If you have your heart set on a certain kind of Christmas tree, don’t waste time getting to your local tree lot.
That’s because there’s a shortage this year, impacting one of the most popular trees for families to buy during the holidays.
The shortage refers specifically to the Fraser Fir. Families love it because it’s least likely to shed, is sturdy, and holds ornaments well.
Christmas tree buyer Darrell Youngquest says the Fraser Fir was once 90 percent of the store’s supply, but this year is down to just 40 percent of supply.
The Michigan Christmas Tree Association says what we’re seeing is the fallout from the 2008 Financial Crisis. When the economy took a turn, growers got out of the business, some closed their farms, and they also did a reduction in planting.
Because trees can take ten or more years to grow, the lack of inventory is just being felt now, and it could take five more years before growers get caught up, forcing sellers to get creative on alternative trees to cut down.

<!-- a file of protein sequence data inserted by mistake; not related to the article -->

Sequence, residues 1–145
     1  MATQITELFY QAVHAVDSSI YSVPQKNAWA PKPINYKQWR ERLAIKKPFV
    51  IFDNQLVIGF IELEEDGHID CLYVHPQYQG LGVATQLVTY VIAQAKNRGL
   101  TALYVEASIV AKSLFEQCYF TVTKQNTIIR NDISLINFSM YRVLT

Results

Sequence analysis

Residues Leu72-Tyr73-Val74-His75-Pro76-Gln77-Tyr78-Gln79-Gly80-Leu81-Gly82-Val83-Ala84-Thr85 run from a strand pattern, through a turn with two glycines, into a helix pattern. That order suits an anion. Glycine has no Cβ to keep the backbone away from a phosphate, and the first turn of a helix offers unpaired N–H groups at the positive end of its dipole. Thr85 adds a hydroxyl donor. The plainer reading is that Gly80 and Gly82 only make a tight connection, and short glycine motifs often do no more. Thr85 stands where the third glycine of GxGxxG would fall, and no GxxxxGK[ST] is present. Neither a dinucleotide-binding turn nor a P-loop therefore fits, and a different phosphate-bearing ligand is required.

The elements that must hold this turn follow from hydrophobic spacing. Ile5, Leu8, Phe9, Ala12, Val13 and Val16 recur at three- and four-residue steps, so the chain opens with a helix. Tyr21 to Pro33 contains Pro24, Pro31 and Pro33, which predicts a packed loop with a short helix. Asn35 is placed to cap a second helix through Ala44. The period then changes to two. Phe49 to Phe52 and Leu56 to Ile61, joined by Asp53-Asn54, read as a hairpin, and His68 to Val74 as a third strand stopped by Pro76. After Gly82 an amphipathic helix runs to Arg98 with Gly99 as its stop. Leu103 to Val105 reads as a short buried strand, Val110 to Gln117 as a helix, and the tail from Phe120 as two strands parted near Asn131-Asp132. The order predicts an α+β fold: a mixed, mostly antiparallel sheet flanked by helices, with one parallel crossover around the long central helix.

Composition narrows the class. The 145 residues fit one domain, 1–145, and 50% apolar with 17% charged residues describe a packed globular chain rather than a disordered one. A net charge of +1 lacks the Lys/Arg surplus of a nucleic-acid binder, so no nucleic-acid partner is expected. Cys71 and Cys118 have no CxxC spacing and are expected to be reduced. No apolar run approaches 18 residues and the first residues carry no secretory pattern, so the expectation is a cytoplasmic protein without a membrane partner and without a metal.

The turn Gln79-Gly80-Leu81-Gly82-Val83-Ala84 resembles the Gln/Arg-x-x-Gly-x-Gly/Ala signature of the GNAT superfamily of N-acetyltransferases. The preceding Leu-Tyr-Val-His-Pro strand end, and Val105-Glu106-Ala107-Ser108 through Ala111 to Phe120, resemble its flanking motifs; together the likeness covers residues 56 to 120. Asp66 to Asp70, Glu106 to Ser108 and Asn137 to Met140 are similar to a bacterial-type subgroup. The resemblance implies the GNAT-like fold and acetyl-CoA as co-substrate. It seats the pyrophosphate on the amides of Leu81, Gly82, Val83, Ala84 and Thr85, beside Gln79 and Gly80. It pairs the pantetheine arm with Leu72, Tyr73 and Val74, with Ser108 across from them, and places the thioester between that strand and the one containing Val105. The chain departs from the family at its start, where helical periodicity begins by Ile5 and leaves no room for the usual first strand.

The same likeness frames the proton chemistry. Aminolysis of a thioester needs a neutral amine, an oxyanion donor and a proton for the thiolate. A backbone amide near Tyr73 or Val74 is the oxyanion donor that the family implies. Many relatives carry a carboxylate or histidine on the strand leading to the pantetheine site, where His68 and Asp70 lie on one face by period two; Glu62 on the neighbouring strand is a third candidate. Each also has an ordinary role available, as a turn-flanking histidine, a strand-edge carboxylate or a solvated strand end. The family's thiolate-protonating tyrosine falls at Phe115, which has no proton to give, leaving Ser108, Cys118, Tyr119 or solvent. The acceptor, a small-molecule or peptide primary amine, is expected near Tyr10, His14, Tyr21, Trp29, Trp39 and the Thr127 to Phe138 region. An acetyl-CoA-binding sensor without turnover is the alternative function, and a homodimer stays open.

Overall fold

This year, Youngquest says he’s had replace his supply with Douglas Fir and what he thinks is a close second to the Fraser, the Balsam Fir tree. Branches are similarly sturdy, and its moderately priced but the downside is the needles don't hold up as long as a Fraser Fir.
It could shed a little more, so if your heart is set on the Fraser Fir then Youngquest urges buyers to go get it while supplies last, even if you’re not ready to use it. Store it in a shady spot, cold garage, some place the sun is not going to get to it.
And keep in mind, prices have gone up, $5 more for a smaller tree, and $10 to $15 more for a larger one.